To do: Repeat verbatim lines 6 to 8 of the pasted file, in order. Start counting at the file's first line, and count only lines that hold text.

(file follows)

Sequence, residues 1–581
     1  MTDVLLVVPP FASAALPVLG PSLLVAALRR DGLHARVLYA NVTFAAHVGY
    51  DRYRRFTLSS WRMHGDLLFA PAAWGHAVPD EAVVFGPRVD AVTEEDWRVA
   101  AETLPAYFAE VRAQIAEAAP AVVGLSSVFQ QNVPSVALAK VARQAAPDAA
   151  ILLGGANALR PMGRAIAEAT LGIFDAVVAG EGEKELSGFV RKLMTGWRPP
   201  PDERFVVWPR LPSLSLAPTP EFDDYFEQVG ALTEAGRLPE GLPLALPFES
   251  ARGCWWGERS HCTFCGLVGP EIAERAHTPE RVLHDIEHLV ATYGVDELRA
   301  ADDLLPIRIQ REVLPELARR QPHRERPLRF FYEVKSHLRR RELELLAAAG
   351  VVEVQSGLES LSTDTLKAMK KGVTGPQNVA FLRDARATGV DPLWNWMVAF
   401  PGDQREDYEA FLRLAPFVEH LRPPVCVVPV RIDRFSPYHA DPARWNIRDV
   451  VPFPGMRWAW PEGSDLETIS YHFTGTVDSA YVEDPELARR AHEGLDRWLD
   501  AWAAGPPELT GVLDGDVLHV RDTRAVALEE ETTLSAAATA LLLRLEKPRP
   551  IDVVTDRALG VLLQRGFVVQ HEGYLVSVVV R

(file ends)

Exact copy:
   201  PDERFVVWPR LPSLSLAPTP EFDDYFEQVG ALTEAGRLPE GLPLALPFES
   251  ARGCWWGERS HCTFCGLVGP EIAERAHTPE RVLHDIEHLV ATYGVDELRA
   301  ADDLLPIRIQ REVLPELARR QPHRERPLRF FYEVKSHLRR RELELLAAAG